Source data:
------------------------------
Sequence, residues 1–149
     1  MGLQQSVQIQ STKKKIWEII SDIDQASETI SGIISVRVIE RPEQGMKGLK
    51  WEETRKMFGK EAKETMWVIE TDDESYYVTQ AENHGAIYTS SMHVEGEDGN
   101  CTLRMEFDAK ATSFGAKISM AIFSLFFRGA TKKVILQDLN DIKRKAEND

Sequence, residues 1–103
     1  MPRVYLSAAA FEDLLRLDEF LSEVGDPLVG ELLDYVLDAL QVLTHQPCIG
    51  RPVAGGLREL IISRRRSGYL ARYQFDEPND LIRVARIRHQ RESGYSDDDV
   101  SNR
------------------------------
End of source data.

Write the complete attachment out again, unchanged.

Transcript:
Sequence, residues 1–149
     1  MGLQQSVQIQ STKKKIWEII SDIDQASETI SGIISVRVIE RPEQGMKGLK
    51  WEETRKMFGK EAKETMWVIE TDDESYYVTQ AENHGAIYTS SMHVEGEDGN
   101  CTLRMEFDAK ATSFGAKISM AIFSLFFRGA TKKVILQDLN DIKRKAEND

Sequence, residues 1–103
     1  MPRVYLSAAA FEDLLRLDEF LSEVGDPLVG ELLDYVLDAL QVLTHQPCIG
    51  RPVAGGLREL IISRRRSGYL ARYQFDEPND LIRVARIRHQ RESGYSDDDV
   101  SNR